The recent Notre Dame fire grabbed global headlines. The morning I woke to see it on the news, I felt sad. I’m not a Christian and I’ve never been to Paris. But my mother is an artist and I studied French and ancient history for years. I recognise the intrinsic cultural value of Notre Dame and everything within it. The iconic cathedral has value, not only for Parisians, but for many parts of global society: art, religion, history, architecture, popular culture…
As concern over the fire grew, I was surprised at the response from some people online, including scientists, who began criticising support for the burning cathedral. They compared the cultural losses of Notre Dame with nature conservation and species extinction. What about forests? What about species extinction? What about the Great Barrier Reef? The implication was that if you cared about the Notre Dame fire, then you didn’t care about Nature (see these great blogs by Sam Perrin and Jeff Ollerton, including the comments from readers).
I felt confused, because I cared about both!
Similar sentiments arose a few weeks later. This week’s release of the IPBES global assessment report on loss of biodiversity & ecosystem services, one of the most important policy guidelines in human history, happened on the same day as the Met Gala and the birth of the Royal Baby Sussex.
Popular media had a choice, and some people criticised those choices. How could anyone possibly be more interested in a Royal Baby, or a Glamour Parade, than the Future of Life on Earth?
The fact is, some are. Human diversity includes diversity of values. ‘The Media’ includes a diversity of platforms, which cater to a diversity of audiences and interests.
While watching these conversations unfold, I kept thinking about ecosystem services. To me, the strawman “Yeah, but what about Nature..!” argument echoed a similarly misguided argument that persists around ecosystem services.
Ecosystem services is often misrepresented as simply an economic approach to ‘putting a price on nature’. Some conservationists think it’s all about a simplistic instrumental vs. intrinsic dichotomy (which is a false dichotomy anyway). This isn’t accurate, but the myth persists.
In reality, ecosystem services is a powerful concept and framing device for understanding how to value Nature – the ecosystems that keep us alive. This process of valuation has value itself, because it can help to protect nature. Valuation can provide managers and decision-makers with a practical tool to identify that the numerous long-term benefits gained by protecting and restoring biodiversity and ecosystems almost always outweigh the consequences of removing or degrading them.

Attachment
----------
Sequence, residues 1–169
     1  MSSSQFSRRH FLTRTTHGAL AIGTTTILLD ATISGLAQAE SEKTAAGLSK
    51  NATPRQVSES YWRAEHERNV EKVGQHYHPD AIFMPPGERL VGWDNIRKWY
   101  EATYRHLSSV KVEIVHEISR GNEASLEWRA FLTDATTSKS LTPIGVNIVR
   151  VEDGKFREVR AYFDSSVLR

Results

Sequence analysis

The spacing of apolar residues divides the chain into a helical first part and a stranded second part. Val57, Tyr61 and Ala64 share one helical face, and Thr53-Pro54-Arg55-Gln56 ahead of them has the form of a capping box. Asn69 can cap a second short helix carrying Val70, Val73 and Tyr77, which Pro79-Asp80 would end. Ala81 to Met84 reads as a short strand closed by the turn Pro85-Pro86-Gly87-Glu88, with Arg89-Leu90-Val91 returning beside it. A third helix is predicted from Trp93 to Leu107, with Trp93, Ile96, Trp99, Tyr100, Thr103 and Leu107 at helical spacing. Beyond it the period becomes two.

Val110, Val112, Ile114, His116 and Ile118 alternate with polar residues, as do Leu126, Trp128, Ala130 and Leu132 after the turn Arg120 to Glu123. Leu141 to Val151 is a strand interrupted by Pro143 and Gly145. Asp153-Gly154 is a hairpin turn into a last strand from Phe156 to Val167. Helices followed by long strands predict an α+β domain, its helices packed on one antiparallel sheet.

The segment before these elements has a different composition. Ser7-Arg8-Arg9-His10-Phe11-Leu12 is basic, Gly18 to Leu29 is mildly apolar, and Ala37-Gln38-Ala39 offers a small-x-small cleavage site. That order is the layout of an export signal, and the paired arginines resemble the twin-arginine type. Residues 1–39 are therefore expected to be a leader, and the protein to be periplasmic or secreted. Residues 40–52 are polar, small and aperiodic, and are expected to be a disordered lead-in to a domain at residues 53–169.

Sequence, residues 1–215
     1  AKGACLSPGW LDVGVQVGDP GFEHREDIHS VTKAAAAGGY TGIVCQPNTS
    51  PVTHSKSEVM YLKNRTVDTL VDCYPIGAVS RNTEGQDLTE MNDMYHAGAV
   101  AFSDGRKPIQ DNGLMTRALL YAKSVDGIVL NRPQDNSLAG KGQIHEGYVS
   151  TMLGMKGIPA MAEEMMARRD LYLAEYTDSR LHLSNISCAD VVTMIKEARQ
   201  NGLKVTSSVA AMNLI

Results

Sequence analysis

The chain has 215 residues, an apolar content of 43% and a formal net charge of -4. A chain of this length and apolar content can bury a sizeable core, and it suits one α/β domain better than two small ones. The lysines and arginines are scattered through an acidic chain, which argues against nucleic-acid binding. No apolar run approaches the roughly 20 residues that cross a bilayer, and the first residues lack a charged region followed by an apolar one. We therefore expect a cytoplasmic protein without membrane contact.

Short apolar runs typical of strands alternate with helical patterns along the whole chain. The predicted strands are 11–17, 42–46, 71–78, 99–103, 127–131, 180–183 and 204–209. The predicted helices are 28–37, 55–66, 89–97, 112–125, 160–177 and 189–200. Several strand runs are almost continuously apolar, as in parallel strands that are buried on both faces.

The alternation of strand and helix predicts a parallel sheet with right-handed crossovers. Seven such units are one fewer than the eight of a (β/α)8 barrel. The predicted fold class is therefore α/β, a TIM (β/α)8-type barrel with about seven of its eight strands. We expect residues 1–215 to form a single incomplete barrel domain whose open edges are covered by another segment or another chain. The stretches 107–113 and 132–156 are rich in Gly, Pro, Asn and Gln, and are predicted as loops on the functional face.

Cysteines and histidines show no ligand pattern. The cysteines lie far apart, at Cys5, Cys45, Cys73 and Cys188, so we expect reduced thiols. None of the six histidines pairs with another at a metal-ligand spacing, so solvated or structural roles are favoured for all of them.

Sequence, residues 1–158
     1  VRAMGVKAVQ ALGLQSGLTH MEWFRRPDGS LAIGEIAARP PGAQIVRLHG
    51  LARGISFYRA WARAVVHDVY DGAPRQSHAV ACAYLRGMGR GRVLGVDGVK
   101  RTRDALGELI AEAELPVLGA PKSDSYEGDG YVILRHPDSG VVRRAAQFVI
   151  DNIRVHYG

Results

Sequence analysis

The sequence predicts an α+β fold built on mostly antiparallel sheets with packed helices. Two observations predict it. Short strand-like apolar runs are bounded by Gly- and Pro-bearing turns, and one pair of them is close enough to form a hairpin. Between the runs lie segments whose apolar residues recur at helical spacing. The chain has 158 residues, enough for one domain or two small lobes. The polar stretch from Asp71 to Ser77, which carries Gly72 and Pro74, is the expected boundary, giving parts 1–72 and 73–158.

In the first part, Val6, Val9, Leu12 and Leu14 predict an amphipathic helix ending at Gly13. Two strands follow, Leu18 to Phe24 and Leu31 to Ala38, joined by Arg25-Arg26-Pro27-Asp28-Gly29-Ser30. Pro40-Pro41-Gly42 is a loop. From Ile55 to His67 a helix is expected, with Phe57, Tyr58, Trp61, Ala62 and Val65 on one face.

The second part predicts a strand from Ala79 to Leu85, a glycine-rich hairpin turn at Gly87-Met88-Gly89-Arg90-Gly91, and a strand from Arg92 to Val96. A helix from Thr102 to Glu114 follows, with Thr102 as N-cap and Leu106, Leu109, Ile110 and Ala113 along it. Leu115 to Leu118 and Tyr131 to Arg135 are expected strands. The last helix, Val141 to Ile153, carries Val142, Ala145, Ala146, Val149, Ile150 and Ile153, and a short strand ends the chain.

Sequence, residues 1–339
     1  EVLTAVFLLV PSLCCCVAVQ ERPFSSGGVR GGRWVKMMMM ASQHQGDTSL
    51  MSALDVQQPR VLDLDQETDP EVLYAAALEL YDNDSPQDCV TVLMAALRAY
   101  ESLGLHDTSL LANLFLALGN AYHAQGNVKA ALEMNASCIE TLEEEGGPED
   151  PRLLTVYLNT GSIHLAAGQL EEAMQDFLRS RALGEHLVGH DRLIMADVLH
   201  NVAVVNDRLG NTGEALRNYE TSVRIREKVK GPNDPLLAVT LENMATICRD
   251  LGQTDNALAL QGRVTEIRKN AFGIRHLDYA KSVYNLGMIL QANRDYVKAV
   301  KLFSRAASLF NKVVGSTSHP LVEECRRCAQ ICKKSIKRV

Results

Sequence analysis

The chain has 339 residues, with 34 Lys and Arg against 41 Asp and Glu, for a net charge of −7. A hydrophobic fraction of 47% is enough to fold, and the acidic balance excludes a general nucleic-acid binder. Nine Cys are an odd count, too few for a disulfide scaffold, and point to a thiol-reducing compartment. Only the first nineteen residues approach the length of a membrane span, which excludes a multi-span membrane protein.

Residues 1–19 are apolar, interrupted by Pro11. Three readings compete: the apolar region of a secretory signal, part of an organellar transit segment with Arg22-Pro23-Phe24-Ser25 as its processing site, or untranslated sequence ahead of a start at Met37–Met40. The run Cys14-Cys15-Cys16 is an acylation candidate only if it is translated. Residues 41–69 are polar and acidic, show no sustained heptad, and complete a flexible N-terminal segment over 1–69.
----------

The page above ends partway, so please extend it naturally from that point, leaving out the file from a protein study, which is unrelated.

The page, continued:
Sure, economic values have had the most airtime in ecosystem services discussions, because they are relatively easy to quantify and can be directly compared across systems. But values are multiple and pluralistic: economic value is just one type of value among a catalogue of valuation systems that exist in human society. A single entity, like an ecosystem or species, has meaning across multiple different value systems.
Most of these different types of values can’t be directly compared or measured on the same scale. This makes it hard to identify which one is more ‘important’ than the other. Again, importance is a subjective concept based on value and context. There can be multiple ‘important things’ in a single system.
Notre Dame and Nature are incommensurable, especially in terms of intrinsic value. They exist on different scales in different systems. They are both important to human society, in different ways. How can you directly compare the cultural, historic, artistic, and aesthetic values of the Rose Windows with the ecological value of the Great Barrier Reef? It’s simply not possible to say which of these is more ‘important’ or intrinsically ‘valuable’.
But if we consider their instrumental values to nature, we can quantify how much environmental harm the loss of a stained glass window is likely to cause (very low), compared with the loss of the world’s largest coral reef (very high). This is a justification for directing conservation effort, policy decisions, or governance change, but it’s not denying the intrinsic value of either.
Conservation should never be about Nature vs. The World. When it comes to addressing urgent global environmental problems, like climate change and land degradation, what we need is sustainable leadership and governance, not popularity. Everyone benefits from healthy, functioning ecosystems, regardless of whether they actively care for or engage with those systems.
We need better ways to discuss contradictory values. We need better ways to measure the consequences of trade-offs and synergies between different types of values, particularly non-economic ones. But most importantly, decisions, whether for conservation, land management, community well-being, or food production, need to be based on evidence, ethics and consequences for the greater public good, not on particular interests. This is where ecosystem services, the science of valuing nature, comes in.
© Manu Saunders 2019